Goals (IMO and you can insert that IMO in the rest of what I’m going to say here) are the vision that we have for ourselves. It is the conceptual change we are looking to make. They are hard to create, and are better if everyone involved in the process contributed to their creation and is on board. People need to ‘believe’ in goals. They aren’t things that are true, necessarily, but rather something that we all think represents a valuable direction. They are by their nature nebulous, and, because of this, they need help.

Objectives
Objectives are the change that happens that contributes to a goal. As illustrated above, an objective may or may not ACTUALLY contribute to a goal, and alignment and realignment is critical in any change process. It’s usually good to have several objectives (whether simultaneous or sequential) in order to cross reference success. Objectives are often (though not always) things that can be observed in the world. Countable objectives are nice “10% more students are submitting independent projects” but sometimes we are interested in non-counting nouns – “students are happier in class”. In the latter case, some kind of qualitative collection mechanism is required, but I’m as likely to trust a collection of teacher stories as I am a number like 9.7%.

Strategies
This is the plan part of project plan. What are we going to go about doing to try and make that change. This involves a heavy bit of historical research – the change you’re trying to make has probably been tried before. Find out what happened, what the successes were, what pieces of it are left over? From there you need to include all the players in the conversation. What kinds of things have you been trying, do you have pilots that have worked, what kinds of obstacles are in your way?

Strategies are the heavy lifting of any project, but they are worse than useless if they don’t map up to objectives and goals. Every strategy you propose is going to have an ‘opportunity cost’. If you try this opportunity, you aren’t going to be able to do something else. You are going to be taking valuable people not only away from what they do everyday, but you are crowding out other ideas that could better serve your goals. Also, even if your strategy is perfectly executed, if you don’t have a mechanism for showing people how this change is actually happening (achieved objectives) your project will. not. last.

I hate a project that doesn’t last. Unless it’s not supposed to.

Tasks
Tasks have people and they have due dates. If you have a strategy that doesn’t have people attached to it, with time allotted in their schedule to finish the work by a given date – it is destined to live on a shelf. It might be beautiful. It might align perfectly. And there certainly is a place in the world for pieces of art like this… but they will not make change happen. I lied earlier, this is the actual heavy lifting on a project. This is where the project manager comes in. Someone has to wake up in the morning wondering if the tasks that were assigned to everyone have been completed.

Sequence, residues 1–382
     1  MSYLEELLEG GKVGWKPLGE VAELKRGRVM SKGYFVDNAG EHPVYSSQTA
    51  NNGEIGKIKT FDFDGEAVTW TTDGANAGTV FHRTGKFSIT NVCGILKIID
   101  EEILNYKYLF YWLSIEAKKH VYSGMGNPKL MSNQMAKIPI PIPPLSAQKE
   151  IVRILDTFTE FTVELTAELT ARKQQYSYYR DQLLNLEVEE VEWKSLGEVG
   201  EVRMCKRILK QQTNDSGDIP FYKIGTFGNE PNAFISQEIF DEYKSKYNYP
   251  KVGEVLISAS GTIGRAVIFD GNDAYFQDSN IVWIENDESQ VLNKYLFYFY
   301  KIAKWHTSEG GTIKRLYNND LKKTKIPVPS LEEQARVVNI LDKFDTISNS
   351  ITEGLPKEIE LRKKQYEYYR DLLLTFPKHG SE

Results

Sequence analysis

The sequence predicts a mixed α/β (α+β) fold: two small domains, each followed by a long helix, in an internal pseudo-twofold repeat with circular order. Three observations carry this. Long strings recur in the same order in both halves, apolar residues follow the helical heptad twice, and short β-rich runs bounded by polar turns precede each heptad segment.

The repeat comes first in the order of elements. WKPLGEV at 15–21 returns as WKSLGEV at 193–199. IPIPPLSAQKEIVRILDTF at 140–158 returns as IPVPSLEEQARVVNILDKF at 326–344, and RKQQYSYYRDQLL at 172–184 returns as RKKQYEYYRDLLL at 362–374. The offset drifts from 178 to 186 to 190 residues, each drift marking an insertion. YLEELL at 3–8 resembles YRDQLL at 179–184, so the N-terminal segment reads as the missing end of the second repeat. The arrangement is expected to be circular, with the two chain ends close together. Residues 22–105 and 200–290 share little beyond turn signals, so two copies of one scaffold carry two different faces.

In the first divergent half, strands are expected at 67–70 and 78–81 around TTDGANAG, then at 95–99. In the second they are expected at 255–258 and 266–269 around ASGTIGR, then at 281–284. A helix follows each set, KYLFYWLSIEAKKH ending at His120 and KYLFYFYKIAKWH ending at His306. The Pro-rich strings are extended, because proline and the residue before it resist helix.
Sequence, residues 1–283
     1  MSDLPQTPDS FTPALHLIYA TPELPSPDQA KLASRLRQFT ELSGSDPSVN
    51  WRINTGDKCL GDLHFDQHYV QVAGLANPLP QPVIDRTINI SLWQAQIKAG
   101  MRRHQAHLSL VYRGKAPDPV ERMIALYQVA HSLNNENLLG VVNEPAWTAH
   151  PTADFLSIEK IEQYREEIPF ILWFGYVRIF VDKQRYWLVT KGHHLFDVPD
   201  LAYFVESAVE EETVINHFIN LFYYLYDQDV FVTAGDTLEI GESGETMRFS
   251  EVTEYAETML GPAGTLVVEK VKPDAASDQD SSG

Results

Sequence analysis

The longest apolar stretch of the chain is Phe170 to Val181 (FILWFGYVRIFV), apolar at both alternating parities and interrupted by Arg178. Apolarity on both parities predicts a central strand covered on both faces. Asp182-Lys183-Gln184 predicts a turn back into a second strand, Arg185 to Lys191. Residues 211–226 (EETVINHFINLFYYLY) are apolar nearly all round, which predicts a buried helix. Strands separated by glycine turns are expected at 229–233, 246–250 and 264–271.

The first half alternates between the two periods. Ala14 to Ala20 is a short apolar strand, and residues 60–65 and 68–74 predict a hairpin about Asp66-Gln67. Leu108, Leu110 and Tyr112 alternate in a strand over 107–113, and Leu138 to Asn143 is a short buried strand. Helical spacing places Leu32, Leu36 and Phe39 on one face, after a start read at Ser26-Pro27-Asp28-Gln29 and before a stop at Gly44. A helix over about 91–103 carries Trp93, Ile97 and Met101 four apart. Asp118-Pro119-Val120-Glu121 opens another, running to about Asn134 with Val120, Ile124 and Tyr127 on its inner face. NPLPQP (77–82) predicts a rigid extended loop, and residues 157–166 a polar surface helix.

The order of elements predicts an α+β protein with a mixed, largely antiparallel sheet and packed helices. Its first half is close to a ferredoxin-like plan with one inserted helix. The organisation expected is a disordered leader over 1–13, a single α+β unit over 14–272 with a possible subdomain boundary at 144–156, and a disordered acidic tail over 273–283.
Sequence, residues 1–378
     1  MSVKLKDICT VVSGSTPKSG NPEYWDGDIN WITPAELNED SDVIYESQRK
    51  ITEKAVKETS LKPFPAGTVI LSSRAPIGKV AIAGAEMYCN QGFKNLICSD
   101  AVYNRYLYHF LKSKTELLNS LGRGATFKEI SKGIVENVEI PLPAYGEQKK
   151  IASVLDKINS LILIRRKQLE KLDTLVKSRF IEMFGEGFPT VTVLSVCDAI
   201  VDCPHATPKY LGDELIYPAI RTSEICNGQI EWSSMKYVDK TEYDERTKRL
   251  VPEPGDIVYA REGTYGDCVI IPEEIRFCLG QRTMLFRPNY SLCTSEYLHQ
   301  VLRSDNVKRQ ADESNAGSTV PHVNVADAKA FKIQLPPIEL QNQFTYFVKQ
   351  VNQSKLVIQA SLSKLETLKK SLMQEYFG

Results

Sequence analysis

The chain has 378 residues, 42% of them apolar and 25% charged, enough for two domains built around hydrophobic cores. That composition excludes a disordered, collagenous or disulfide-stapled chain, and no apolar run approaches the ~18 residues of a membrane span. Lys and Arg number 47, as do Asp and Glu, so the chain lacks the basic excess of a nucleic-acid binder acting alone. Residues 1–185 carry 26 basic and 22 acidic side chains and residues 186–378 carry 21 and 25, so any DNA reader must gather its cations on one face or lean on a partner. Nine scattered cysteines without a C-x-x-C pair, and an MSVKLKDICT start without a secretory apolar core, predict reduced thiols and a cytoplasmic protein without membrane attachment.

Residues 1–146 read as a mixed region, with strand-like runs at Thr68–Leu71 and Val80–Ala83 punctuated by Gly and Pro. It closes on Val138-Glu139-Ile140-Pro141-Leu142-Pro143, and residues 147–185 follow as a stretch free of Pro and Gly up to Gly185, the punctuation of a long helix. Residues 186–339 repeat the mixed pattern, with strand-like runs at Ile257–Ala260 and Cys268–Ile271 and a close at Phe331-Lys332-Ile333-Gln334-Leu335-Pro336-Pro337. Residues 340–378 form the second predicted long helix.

Tasks should not be complex… they require more resilience and time allocation than deep thinking. Without them, though, you will be destined to be in meetings where people say things like “yeah, we should really get around to doing that”. I do not like those meetings.

How does all this help?
I’m going to use this simple PM framework throughout the first steps on my new role to keep track of the ideas and challenges that I’m hearing from people. People always believe that some change needs to happen to any education system – and that’s great. I’m very happy that people are passionate about education. The challenges identified by some people require task level solutions, some are entire goals all by themselves. As I bring them all together, I’m going to try and see where they fit with each other, where overlaps and possibilities exist. This kind of framework helps keep me honest. And, more importantly, it allows me to take what I’ve been collecting and show it to the next person. To keep the conversation growing.

A final word on 1% (marginal) change
I like to keep a separate list while I’m doing this kind of work of “things we could just fix”. Every system contains pieces that are important to the members at a local level, but don’t really have a mechanism for improvement. It might not be a big enough problem by itself to make it to a senior table so the problem persists. What I have found is that if you can collect several of these problems together, you can bring those to a senior table and have them looked at. If you bring ten and get approval to fix six of them, you’ve made important change at a local level in six places.

These things add up. A little fix here, another fix there, and soon the whole system is getting better. It’s the change version of take care of your pennies because the dollars take care of themselves.

Looking ahead